There are many days I think life is hard. I look up from the bottom of the perceived mountain I must climb with utter dread. I consider the battles I fancy myself entrenched in, and worry. And then someone comes along who knows something about real war. Someone whose life circumstances can shock me back to reality with grounding perspective.
Several weekends ago, I met two warriors, who taught me a lot about walking through the battles of life. What I learned: When life gets hard, sing. And don’t sing alone; sing together.
I met Gary and Zarita at an event sponsored by Challenge America, an organization that connects military veterans to various resources in their communities. I was invited to be one of several songwriters who partnered with veterans experiencing PTSD. Each of us spent two days helping vets tell their stories and share their hearts through a song we crafted with them. Mack, the music therapist who created this wonderful initiative, paired each songwriter with a music therapy intern, who helped us throughout the retreat. Jilina, an amazing young lady from Belmont University, helped make the weekend a rich experience with her open heart and gentle presence.
First, I met Gary, a Vietnam War veteran. I was incredibly moved by his stories of sheer terror and loss. He explained the comradeship and connectedness that comes from standing on a battlefield with fellow soldiers, and how no domestic relationship feels the same. I could not imagine his circumstances, but I do know loss, fear, and the challenge of trying to express one’s heart in a way that others can relate to. I knew our common ground would be the song. Sure enough, a “hook” emerged when Gary said he wanted to explain to his mama how war changes people: “There’s a road that I’m on, and I can’t come home.”
After a morning of songwriting therapy, we took a break to watch some fun YouTube videos, and cracked jokes over lunch. Gary went off to guitar lessons, and I met my second writing partner, Zarita. Dressed up in her high heels and sparkly personality, she shared stories of Afghanistan. I’ve never thought about those who interacted with the locals, helping calm their fears, but a large part of Zarita’s job was being the friendly face in a patrol. She told us that during her tour, women began to visit the markets again for the first time in seven years, and explained that her team responded to perceived threats not with their weapons, but with words. It sounds like an ideal, gracious way to navigate war, but as powerful as her job was, she explained through tears the powerlessness she often felt trying to navigate with words as a female in a man’s world. In addition, Zarita still deals with injuries that are a daily battle. So we wrote an anthem: “I won’t give up this fight, I’m taking back my life.”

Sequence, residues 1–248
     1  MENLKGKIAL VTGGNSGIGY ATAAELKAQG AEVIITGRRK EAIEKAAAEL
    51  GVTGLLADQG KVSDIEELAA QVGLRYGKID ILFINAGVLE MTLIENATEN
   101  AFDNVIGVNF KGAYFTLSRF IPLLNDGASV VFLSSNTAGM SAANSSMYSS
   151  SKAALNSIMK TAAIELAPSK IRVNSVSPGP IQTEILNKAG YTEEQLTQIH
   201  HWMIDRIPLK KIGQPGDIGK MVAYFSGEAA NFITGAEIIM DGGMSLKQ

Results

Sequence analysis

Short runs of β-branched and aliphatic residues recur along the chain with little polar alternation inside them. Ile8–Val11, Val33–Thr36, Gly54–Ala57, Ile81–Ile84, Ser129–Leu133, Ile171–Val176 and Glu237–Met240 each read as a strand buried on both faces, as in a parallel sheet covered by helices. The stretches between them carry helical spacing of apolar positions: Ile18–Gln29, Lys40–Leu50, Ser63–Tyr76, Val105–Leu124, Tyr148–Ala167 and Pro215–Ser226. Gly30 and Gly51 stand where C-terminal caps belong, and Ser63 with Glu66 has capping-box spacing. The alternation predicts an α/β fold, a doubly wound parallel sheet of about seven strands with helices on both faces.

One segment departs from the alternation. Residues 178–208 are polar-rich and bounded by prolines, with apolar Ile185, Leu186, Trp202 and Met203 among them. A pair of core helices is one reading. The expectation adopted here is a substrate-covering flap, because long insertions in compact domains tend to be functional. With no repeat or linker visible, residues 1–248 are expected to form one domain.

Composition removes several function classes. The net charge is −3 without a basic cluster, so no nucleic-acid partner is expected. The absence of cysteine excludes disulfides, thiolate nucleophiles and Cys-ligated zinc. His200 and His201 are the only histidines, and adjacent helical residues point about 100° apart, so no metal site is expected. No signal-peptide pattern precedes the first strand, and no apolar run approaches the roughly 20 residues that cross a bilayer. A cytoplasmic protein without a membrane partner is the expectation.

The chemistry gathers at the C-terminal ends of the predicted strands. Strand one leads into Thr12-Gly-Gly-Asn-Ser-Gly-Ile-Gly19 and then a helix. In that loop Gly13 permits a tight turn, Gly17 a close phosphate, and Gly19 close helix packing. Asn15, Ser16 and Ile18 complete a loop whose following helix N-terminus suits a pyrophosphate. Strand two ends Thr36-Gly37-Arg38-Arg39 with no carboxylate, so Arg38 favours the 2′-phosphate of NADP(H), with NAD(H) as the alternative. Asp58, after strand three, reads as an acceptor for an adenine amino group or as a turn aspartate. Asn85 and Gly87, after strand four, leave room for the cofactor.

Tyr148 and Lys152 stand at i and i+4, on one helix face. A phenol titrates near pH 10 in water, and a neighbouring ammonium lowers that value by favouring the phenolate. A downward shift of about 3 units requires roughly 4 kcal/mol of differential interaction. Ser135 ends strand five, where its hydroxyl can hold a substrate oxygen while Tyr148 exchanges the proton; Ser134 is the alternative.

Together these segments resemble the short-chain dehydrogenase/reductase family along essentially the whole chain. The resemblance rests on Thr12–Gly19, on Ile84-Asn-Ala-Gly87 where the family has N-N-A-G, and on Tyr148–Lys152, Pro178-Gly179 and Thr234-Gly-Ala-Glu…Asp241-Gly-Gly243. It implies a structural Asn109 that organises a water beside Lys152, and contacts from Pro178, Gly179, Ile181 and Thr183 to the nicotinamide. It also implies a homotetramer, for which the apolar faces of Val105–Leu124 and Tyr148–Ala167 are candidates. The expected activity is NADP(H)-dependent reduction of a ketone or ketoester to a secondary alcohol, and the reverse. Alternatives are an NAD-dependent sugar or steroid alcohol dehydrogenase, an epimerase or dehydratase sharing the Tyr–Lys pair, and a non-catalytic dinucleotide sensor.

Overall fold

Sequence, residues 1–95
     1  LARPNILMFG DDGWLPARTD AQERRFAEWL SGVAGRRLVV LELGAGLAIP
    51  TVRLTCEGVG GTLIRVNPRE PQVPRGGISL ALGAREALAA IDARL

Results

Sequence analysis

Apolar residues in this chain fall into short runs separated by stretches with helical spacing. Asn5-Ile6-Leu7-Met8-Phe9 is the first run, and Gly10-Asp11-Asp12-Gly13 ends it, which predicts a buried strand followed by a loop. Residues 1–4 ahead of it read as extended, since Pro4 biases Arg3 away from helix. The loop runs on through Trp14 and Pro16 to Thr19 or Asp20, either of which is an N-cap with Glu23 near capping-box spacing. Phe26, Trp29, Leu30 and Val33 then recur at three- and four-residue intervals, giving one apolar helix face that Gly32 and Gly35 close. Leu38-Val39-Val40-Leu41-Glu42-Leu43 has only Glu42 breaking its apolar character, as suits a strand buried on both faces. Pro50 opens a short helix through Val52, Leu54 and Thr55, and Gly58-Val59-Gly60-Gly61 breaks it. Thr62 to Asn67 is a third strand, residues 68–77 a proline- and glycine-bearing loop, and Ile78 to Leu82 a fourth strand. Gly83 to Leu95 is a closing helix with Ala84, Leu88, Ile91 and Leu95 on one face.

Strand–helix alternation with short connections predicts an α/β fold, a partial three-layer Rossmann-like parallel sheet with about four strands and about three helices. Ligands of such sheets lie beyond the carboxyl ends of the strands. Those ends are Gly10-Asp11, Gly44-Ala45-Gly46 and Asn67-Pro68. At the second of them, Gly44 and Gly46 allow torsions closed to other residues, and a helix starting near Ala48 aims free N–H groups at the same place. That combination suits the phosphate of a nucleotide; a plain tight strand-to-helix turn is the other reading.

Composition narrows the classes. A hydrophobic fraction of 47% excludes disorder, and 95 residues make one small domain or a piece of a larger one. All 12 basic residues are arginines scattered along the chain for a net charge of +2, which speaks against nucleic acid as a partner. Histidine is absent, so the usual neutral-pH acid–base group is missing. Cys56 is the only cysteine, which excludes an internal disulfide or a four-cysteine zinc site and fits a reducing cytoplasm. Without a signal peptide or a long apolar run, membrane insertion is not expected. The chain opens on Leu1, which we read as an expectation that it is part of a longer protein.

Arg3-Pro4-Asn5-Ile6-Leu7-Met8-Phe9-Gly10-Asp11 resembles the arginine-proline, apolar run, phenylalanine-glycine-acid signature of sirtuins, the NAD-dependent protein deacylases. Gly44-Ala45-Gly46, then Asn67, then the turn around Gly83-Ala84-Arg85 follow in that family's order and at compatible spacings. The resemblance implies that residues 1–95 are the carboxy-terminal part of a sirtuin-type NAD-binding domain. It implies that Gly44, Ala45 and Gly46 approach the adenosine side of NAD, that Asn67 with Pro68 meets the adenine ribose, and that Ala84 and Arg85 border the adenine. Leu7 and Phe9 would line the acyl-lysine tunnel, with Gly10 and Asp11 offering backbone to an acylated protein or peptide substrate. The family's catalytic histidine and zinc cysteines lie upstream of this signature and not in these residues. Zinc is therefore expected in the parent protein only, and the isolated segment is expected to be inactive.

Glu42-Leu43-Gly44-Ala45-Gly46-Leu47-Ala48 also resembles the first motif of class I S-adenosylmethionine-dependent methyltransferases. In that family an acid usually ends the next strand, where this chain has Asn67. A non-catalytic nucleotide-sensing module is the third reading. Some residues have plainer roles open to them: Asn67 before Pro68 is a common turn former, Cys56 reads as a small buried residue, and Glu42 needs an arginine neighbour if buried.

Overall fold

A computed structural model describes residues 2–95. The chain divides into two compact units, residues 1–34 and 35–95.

Tears turned to laughter and excitement as the song came together. After the addition of some drum loops, harmony parts, and an impressive rap penned by Zarita, our anthem was complete. Zarita even dubbed our trio “Delectable Divinity.”
At the end of the weekend, all the veterans and songwriters piled in to hear each other’s stories set to music. The sighs, nods, and murmurs of agreement during each song spoke, “I know what you’ve been through.”
I learned lots during those two days. I learned once again the true gift of being a messenger and helping someone sing what they can’t say. I learned that, though we face insurmountable circumstances we can’t explain to each other, we can use music to convey our hearts and, somehow, gain a collective understanding. And perhaps there is healing, too. My heart certainly healed a little that day.
More than anything, this beautiful experience reminded me of the powerful gift of story each of us has. Whether we choose to tell our stories through music or conversation, we must tell them, knowing that, in doing so, the “teller” and the “hearer” will both be changed.
If you’ve never written a song about your day, I encourage you to try – it’s easier than you think. Simply change the words to the chorus of your favorite song to personal lyrics about your life. Let me know how you do. Share if you dare!